It turns out that not even in the Heart of Darkness can one escape the reign of the Disney Princesses. A few weeks ago Charlotte came home from school with a goodie bag from the pré-maternelle birthday party of one of her little Congolese friends. In her not-so-little bag was lots of candy, strange imported snacks and Disney Princess memorabilia. She went absolutely nuts. Her little sister went absolutely nuts. And then they got into their very first hair-pulling, face-slapping sister fight over who got the princess purse. Adam and I looked at each other and knew there was no turning back.
You see, we live in the Congo. It is very easy to avoid the eye-level princess displays at Target and we don't have to pry our kids away from commercials on TV. But some things are just inevitable, I guess. I blame it mostly on the relatively new South African grocery store, Shoprite. Remember the one I spoke so lovingly of not too long ago? Okay, it's not just Shoprite's fault, Congo's been getting more and more China-made plastic stuff, so it was inevitable. But the princesses have officially found their way to the middle of Africa.
|Thank you Shoprite for bringing Sparkle Girlz, My First Baby Princess and Barbie to Congo.|
|The princess and the pea.|
"Thinking mommies" these days get worked up about a lot of things. Vaccines, breast-feeding, staying at home, going to work, the color pink, the word "pretty," and princesses. To name a few. I think I've decided to sit the princess one out. And if I can be so bold, loop Barbie right in with it.
When I was little I didn't have siblings or neighbors, I had Barbies. Like 50 of them. And the Barbie Ferrari and the Barbie RV, and I'll just stop there before I start missing my Barbies. I can remember being very small and hearing adults discussing the ridiculousness of Barbie. "She's terrible for little girls. They'll just grow up with unrealistic expectations about their bodies."
I thought this was crazy. I had never once imagined that I would grow up to look like a doll. Who wants creeky knees and permanently high-heeled positioned feet?! And then I realized they were talking about the boobs and the legs. Then I got sad thinking of my Barbies with shorter legs because they wouldn't be as easy to hold. They have those long legs and skinny waists for ergonomics, right?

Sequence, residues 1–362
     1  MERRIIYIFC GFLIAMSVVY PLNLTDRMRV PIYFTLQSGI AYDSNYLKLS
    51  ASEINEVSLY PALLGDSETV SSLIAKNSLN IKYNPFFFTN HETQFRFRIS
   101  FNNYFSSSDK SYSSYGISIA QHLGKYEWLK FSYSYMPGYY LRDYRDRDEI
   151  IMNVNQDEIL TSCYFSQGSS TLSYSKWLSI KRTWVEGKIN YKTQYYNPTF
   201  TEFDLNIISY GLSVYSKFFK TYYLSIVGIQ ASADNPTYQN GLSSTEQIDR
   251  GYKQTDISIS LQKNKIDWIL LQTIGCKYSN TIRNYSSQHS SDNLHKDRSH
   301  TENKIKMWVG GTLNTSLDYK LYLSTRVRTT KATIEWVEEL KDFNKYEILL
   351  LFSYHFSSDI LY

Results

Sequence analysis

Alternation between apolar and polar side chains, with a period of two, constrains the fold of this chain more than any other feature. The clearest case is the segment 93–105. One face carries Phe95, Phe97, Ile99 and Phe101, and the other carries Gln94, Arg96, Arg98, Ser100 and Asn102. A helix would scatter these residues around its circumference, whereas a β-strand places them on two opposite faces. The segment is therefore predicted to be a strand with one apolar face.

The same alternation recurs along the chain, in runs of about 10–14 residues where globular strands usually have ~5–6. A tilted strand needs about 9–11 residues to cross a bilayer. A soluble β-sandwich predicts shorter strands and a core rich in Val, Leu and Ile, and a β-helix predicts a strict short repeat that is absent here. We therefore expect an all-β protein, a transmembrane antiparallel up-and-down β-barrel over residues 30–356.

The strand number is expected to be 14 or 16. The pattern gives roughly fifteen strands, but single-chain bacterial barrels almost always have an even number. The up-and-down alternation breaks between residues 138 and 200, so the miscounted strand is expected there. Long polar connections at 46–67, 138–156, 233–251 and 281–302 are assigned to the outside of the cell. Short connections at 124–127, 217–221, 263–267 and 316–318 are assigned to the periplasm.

Needless to say, I grew up in Barbieland and I think I ended up relatively secure about my imperfect body. Okay, except for immediately after giving birth. (And when I say "immediately after," I mean for the first year...or three. But I won't blame that on Barbie.)
At this age, Charlotte still consistently says her favorite color is black and when I ask her the names of those 3 princesses on her new purse she says, "Mama, Papa and Falafel" (our dog). So I think we still have a little bit of time to plan our princess strategy.
|Kept unchecked, this is where we may end up. From The Pink Project" Jeeyoo and Her Pink Things, 2007. Check out this totally fascinating project here. JeongMee Yoon|
I think what I'm most afraid of are the mommies and the judgment involved in the Disney Princess backlash. It's serious, folks. Read all about it: here and here and here.
The other night as I was rocking my one-year-old to sleep, she had a death grip on that damn princess purse (she won the fight). I literally could not pry it out of her hands without waking her up. Ordinarily, I let her keep the random things she clings to as she falls asleep. But this purse has a rope-like strap on it. I started imagining the headlines the next morning. Which is worse: Mom Allows Daughter to Sleep with Strangulation Hazard or Mom Allows Daughter to Have a Disney Princess Purse? It's a draw.
For now, our plan is to avoid purchasing the princess goods ourselves, but not get worked up when they inevitably make their way into our home. Shouldn't we be raising our daughters with the proper sense of self to play with the pretty pink princess stuff, but grow up feeling completely secure in spite of it all? Our daughters are strong and beautiful no matter what. And if they end up thinking those tiny waists and long legs are just for ergonomics, we've done our job.
**I wanted photo documentation of the infamous purse for this post. This morning Mamicho and I turned our house upside down looking for it. It turns out her daughters had (ahem) accidentally carried it back with them to their house. So the Disney Princess Purse and its hypnotic appeal win the prize for the only item ever stolen from our home. And they can keep it.